The sisters did not hide their methods of work from each other, if only because each of them considered the methods of the other two to be erroneous and not particularly interesting. For a whole year they worked hard, inventing and substantiating what they had envisioned. When the year had finally passed, the Temple of Pure Pain was approached by three processions of incredible creatures, creations, and crafts from faraway unheard-of lands, and at a distance behind them ran a crowd of people who had arrived just in time to catch sight of it all, frightened and amazed.

There was a jolly circus resembling the ones found in Asia, its performers seemingly draped in red robes—hues of blood and naked flesh—which upon closer examination turned out to not be robes at all. Gymnasts with a multiplicity of joints and limbs tumbled like dandelion fluffs carried by a light breeze, beaming at the crowd with the snow-white smiles of affectionate predators. Fakirs strode forward with gravitas—their unnaturally long arms fell off their bodies and strode forth on their own. Some, flexible as serpents, painted intricate patterns on the ground in fresh scarlet blood that smelt of cinnamon of cinnamon, while others, growing dozens of graceful fingers, tapped out a cheerful tune, like hundreds of tiny drums. Then, having sufficiently amused the crowd of onlookers, the limbs latched themselves back into place. At the end of the procession, a gigantic beast with eight legs walked majestically, reminiscent of the ancient 'elefantata' that lived beyond a hundred seas. A plethora of musicians and singers, praising their mistress, spreads across its tusks—or, perhaps, horns. Its rough hide was covered with elaborate rootlike scars, and as soon as you glanced away, the pattern changed to a completely different one, telling about the miracles that the troupe saw along their journey. The back of the beast was crowned by the closed bud of a giant bloody flower.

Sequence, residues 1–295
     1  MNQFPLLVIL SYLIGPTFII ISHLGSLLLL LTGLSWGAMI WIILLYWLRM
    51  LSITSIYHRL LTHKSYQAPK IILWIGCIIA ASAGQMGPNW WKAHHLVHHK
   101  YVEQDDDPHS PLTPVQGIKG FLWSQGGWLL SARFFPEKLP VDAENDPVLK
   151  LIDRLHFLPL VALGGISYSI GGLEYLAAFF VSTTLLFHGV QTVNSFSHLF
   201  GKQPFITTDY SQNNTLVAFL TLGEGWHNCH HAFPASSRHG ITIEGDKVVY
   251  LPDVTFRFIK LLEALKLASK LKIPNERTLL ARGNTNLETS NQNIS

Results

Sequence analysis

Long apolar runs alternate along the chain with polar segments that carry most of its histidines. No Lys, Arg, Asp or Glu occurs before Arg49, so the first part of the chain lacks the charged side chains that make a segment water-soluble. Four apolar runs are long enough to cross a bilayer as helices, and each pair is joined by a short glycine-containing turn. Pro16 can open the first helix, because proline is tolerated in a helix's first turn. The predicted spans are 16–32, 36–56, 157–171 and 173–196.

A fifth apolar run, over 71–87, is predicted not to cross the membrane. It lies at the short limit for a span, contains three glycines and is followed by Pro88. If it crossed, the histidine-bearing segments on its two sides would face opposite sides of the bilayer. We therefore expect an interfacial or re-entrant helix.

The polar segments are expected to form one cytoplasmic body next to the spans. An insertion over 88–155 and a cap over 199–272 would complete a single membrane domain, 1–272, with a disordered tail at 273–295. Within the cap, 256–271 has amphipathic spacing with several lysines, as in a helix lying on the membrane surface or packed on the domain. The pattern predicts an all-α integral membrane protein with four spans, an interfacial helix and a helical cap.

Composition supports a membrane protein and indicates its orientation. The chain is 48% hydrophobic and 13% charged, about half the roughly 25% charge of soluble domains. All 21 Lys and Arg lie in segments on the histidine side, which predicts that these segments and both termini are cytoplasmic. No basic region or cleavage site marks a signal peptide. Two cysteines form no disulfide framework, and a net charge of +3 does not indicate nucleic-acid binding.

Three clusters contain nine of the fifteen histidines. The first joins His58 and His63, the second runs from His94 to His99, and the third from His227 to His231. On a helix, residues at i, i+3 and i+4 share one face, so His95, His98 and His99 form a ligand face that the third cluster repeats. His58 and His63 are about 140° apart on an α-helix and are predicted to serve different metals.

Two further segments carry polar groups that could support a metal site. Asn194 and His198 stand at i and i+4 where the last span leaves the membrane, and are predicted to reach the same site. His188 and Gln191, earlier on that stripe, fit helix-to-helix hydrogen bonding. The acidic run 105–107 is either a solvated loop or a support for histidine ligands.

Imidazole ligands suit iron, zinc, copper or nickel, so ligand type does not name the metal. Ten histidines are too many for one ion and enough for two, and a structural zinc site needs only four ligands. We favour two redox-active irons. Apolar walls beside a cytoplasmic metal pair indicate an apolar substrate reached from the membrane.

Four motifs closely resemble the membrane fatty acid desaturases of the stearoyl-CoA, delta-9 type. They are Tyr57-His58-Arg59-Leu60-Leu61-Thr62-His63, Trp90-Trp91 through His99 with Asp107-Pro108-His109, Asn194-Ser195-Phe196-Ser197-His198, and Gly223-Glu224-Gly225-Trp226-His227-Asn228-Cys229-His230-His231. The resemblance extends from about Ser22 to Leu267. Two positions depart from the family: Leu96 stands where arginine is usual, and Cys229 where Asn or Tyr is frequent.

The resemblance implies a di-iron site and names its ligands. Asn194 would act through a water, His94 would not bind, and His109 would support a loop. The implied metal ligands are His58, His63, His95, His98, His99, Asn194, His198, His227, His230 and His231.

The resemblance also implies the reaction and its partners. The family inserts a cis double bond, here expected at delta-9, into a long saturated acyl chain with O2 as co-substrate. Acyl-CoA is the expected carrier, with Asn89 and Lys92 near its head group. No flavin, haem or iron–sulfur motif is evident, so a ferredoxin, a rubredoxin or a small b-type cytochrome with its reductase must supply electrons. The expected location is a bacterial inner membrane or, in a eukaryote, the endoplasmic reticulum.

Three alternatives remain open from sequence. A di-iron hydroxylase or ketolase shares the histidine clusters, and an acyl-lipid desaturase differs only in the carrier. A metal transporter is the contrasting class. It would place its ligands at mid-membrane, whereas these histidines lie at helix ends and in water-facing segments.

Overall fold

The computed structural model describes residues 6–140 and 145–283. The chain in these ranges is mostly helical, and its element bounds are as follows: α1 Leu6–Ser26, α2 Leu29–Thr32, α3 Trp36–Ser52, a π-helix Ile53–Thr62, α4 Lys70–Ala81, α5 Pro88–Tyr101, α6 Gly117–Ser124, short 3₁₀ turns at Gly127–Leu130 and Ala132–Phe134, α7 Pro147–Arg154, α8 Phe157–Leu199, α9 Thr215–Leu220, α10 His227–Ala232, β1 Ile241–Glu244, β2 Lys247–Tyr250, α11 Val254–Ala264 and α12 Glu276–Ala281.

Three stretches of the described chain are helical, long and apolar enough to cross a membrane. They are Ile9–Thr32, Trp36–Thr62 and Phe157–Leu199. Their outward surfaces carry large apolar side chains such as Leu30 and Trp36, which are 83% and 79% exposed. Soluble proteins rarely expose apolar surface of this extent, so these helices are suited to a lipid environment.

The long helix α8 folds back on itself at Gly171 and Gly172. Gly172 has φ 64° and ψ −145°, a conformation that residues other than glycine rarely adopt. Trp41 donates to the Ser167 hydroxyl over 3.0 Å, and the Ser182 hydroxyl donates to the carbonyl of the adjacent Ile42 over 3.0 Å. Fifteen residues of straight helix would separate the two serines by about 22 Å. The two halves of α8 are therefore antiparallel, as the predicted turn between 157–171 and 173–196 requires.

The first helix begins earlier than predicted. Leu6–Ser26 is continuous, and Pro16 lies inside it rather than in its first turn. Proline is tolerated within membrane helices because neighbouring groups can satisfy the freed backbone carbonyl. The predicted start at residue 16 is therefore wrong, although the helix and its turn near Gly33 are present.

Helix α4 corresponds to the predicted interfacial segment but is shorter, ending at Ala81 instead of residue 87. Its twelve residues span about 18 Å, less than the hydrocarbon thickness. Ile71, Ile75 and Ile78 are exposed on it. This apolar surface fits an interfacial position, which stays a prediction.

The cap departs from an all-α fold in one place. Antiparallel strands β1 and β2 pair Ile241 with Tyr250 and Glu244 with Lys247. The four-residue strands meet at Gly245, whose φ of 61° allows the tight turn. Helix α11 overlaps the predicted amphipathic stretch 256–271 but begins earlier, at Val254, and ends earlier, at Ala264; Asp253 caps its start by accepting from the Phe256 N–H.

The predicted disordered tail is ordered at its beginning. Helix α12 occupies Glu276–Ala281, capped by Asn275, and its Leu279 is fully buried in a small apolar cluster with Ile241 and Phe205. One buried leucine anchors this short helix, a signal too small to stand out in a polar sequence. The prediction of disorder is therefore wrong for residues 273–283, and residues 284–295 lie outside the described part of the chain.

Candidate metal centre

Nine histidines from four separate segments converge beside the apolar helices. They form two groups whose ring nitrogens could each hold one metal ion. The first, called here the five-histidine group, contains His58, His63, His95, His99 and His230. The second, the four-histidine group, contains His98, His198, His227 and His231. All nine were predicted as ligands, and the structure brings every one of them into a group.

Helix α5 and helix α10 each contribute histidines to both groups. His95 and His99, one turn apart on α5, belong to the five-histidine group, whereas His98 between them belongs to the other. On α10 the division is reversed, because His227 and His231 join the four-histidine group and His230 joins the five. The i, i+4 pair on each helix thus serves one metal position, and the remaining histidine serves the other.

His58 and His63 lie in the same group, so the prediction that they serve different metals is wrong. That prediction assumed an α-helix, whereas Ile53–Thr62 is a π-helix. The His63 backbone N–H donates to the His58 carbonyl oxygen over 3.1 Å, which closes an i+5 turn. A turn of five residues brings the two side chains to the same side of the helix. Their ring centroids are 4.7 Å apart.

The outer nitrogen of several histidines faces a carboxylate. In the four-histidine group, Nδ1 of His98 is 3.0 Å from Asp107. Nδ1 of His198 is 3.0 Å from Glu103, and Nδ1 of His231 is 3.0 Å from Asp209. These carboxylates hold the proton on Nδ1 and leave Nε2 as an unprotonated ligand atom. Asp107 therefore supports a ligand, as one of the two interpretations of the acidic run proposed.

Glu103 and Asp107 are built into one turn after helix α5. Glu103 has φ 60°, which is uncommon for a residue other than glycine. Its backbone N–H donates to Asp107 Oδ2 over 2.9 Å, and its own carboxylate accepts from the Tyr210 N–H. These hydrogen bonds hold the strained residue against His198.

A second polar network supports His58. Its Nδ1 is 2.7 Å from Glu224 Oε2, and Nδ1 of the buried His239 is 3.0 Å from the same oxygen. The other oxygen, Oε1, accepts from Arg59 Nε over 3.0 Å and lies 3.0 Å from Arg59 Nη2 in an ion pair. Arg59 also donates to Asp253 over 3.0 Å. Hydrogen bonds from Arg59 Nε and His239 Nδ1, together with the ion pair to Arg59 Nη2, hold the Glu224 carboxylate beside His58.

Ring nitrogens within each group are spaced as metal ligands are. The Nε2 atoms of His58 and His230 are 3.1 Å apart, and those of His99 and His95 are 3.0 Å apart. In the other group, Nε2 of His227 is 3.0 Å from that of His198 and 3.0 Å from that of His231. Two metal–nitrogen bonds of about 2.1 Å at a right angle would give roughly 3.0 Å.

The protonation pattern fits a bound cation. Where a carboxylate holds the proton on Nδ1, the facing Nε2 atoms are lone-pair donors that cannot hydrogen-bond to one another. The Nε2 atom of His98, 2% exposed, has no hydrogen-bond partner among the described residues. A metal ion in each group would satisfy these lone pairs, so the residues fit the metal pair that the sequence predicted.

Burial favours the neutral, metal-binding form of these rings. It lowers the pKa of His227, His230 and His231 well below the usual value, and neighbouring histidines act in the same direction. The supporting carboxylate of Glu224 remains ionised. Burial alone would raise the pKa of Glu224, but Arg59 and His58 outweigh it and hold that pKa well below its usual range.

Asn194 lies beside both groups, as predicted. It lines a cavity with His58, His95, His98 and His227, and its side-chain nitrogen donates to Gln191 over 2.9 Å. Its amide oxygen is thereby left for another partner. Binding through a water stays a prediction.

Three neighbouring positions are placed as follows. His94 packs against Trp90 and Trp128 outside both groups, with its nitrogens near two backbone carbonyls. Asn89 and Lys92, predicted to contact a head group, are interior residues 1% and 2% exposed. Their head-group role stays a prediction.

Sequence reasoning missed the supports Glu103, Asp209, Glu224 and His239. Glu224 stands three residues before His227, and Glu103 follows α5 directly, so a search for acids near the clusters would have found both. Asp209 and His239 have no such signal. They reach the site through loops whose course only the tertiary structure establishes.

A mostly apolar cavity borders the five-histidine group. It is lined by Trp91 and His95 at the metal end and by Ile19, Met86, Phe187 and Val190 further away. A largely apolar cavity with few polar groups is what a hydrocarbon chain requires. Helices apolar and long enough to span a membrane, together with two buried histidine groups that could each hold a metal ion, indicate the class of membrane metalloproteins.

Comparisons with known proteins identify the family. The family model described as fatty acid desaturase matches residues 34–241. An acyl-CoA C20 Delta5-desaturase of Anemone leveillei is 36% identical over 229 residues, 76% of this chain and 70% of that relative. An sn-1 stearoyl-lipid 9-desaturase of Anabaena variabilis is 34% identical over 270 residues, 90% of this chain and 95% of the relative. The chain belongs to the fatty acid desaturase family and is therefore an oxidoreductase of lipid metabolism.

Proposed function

There was a stern parade of half-humans, their other halves consisting of brushed black metal, from afar resembling soldiers in austere uniforms. Partially tin soldiers militantly marched, snapping their joints and heels, exchanging places with each other in a perfectly geometric dance of blades. The edges of their ceremonial sabers flashed so dangerously close that if blood marched beneath their skin, it would have certainly stained their tunics. Young men and women walked behind them on limbs which extended and contracted like telescopes, oscillating lower and higher. They deftly snatched intricate toys from a self-propelled cart trailing behind and distributed them to excited children. Like a swarm of hornets, the lame of limb skittered all throughout the air, breaking the silence with the roar of their propeller engines. A fool might have brushed aside the noise and not heard the rhythm in it, much less the music. From time to time, flashes of unnatural light and the crackling, tearing power of the heavens bolted through the ranks. The system was perfect, the step impeccable, the alignment infallible.